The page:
Association Between Atopic Dermatitis and Cardiovascular Disease: A Nationwide Register-based Case-control Study from Sweden
Lina U. Ivert, Emma K. Johansson, Henrik Dal, Bernt Lindelöf, Carl-Fredrik Wahlgren, Maria Bradley
Preview of fully accepted paper, still not published in any volume
The associations between atopic dermatitis (AD) and cardiovascular disease (CVD) are debated. The aim of this study was to investigate the association between AD and coronary artery disease or ischaemic stroke in a nationwide, register-based, case-control study (104,832 AD cases, 1,022,435 controls) based on linkage of Swedish national register data between 1968 and 2016. Patients were classified as having severe AD if they had received systemic pharmacotherapy for AD or had been treated in a dermatological ward with AD as the main diagnosis. Other AD was classified as non-severe. After multivariable adjustments for comorbidities and socioeconomic status, overall AD was associated with angina pectoris (adjusted odds ratio (aOR) 1.13, 95% confidence interval (CI) 1.08–1.19), but among males with severe AD this association was not found, compared with the general population. Male non-severe AD was associated with myocardial infarction (OR 1.15, 95% CI 1.07–1.23). Severe AD was associated with ischaemic stroke, with similar estimates in men and women (aOR 1.19, 95% CI 1.07–1.33). Subgroup analyses among women indicated smoking as an important risk factor among severe cases. Diabetes mellitus, hyperlipidaemia, and hypertension were more prevalent in severe AD than in controls, and hyperlipidaemia and hypertension were also more prevalent in non-severe AD than in controls. In conclusion, in this study, AD was associated with CVD, and this should be kept in mind, especially when managing patients with severe AD.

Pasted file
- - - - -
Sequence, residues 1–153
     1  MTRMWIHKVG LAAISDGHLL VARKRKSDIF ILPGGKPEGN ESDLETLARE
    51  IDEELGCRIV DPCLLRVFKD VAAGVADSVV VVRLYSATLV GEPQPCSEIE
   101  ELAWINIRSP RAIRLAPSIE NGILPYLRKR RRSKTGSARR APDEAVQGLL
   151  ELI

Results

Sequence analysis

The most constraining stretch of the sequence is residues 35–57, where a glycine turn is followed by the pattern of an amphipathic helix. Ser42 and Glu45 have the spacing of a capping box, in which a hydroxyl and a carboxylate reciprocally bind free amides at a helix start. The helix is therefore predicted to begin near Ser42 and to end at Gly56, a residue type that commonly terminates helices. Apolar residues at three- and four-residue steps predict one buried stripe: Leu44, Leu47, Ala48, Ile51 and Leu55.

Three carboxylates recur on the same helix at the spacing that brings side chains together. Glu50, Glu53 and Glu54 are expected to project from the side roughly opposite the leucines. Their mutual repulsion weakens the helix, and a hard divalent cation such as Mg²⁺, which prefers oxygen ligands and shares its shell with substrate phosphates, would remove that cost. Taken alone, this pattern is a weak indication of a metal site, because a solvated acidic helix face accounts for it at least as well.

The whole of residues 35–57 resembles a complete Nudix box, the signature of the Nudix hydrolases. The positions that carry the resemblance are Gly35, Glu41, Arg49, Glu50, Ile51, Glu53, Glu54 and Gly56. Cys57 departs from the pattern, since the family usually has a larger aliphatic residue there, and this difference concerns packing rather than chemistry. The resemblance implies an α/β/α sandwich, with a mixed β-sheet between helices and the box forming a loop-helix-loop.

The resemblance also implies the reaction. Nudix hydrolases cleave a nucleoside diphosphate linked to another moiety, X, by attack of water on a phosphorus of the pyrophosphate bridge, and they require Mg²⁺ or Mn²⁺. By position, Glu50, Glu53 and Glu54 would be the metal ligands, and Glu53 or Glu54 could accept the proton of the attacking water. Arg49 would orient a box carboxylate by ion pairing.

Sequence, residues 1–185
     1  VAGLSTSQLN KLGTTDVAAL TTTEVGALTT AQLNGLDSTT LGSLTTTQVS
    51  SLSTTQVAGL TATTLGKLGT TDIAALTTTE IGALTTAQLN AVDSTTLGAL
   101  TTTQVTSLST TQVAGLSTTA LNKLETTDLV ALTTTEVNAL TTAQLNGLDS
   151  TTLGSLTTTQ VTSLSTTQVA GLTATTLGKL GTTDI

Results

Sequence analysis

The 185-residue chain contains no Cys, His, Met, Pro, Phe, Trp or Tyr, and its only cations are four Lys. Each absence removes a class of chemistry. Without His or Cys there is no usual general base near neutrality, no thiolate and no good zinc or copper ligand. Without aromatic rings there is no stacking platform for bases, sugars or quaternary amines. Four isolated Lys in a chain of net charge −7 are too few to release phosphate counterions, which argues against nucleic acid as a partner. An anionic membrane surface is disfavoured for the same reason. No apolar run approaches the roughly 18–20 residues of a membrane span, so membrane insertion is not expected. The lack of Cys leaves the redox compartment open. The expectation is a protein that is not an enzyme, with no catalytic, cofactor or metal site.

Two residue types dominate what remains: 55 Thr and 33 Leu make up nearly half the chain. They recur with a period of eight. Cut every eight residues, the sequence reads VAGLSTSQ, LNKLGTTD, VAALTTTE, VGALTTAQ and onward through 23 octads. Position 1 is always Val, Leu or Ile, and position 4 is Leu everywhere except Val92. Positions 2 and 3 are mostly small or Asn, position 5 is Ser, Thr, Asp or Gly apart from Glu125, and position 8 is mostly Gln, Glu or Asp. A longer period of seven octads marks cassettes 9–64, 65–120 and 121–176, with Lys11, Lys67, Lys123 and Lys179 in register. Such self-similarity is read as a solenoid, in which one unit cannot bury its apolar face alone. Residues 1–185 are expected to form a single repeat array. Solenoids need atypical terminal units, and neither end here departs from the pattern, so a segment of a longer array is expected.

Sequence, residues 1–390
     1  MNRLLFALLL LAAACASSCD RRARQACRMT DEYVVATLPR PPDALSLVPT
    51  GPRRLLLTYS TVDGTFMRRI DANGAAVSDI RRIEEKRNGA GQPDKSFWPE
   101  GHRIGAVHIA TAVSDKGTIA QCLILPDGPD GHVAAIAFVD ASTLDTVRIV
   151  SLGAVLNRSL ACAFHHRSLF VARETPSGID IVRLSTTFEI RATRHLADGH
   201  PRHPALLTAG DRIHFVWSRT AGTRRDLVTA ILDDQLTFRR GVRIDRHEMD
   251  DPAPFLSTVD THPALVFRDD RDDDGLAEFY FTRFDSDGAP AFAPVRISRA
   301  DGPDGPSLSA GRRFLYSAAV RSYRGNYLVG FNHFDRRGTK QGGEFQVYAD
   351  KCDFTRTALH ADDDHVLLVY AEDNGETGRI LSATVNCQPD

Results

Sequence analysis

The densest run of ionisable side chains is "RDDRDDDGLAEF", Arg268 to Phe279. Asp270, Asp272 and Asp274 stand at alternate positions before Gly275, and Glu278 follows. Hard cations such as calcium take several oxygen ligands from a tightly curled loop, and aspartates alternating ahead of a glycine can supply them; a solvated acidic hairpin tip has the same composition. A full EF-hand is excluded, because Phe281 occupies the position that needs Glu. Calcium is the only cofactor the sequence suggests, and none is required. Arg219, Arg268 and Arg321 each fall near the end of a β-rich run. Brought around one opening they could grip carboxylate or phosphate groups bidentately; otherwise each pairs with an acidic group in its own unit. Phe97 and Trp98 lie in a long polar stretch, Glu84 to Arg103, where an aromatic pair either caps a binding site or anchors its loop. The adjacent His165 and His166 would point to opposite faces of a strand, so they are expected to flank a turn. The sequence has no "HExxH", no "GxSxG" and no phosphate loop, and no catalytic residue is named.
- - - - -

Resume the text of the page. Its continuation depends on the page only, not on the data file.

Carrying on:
Studies show conflicting results regarding the association between atopic dermatitis and cardiovascular disease. The aim of this study was to investigate the association between atopic dermatitis and angina pectoris, myocardial infarction, or ischaemic stroke in a nationwide, register-based, case-control study among Swedish patients aged 15 years or older. Adult patients with atopic dermatitis were found to have a positive association with angina pectoris, myocardial infarction, and ischaemic stroke, compared with the general population. The association between atopic dermatitis and cardiovascular disease was attenuated after adjustment for cardiovascular comorbidities and education.